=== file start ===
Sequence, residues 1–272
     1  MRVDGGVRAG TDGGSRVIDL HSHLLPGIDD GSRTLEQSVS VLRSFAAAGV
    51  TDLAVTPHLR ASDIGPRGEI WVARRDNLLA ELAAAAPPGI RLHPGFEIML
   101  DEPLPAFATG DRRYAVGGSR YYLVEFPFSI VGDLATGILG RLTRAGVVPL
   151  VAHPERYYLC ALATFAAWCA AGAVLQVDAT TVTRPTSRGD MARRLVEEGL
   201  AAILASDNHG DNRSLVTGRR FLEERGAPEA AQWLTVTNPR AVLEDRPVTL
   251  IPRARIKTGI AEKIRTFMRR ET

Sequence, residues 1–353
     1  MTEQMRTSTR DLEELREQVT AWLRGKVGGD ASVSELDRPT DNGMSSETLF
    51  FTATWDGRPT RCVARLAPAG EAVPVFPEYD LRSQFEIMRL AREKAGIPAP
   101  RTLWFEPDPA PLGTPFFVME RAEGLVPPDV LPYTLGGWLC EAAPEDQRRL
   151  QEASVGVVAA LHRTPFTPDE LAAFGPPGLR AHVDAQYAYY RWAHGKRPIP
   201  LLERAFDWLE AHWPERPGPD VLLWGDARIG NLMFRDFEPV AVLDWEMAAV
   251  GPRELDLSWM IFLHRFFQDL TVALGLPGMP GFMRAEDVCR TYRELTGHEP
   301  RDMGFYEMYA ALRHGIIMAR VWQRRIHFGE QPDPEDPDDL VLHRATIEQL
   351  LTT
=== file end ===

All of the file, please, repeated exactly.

Sequence, residues 1–272
     1  MRVDGGVRAG TDGGSRVIDL HSHLLPGIDD GSRTLEQSVS VLRSFAAAGV
    51  TDLAVTPHLR ASDIGPRGEI WVARRDNLLA ELAAAAPPGI RLHPGFEIML
   101  DEPLPAFATG DRRYAVGGSR YYLVEFPFSI VGDLATGILG RLTRAGVVPL
   151  VAHPERYYLC ALATFAAWCA AGAVLQVDAT TVTRPTSRGD MARRLVEEGL
   201  AAILASDNHG DNRSLVTGRR FLEERGAPEA AQWLTVTNPR AVLEDRPVTL
   251  IPRARIKTGI AEKIRTFMRR ET

Sequence, residues 1–353
     1  MTEQMRTSTR DLEELREQVT AWLRGKVGGD ASVSELDRPT DNGMSSETLF
    51  FTATWDGRPT RCVARLAPAG EAVPVFPEYD LRSQFEIMRL AREKAGIPAP
   101  RTLWFEPDPA PLGTPFFVME RAEGLVPPDV LPYTLGGWLC EAAPEDQRRL
   151  QEASVGVVAA LHRTPFTPDE LAAFGPPGLR AHVDAQYAYY RWAHGKRPIP
   201  LLERAFDWLE AHWPERPGPD VLLWGDARIG NLMFRDFEPV AVLDWEMAAV
   251  GPRELDLSWM IFLHRFFQDL TVALGLPGMP GFMRAEDVCR TYRELTGHEP
   301  RDMGFYEMYA ALRHGIIMAR VWQRRIHFGE QPDPEDPDDL VLHRATIEQL
   351  LTT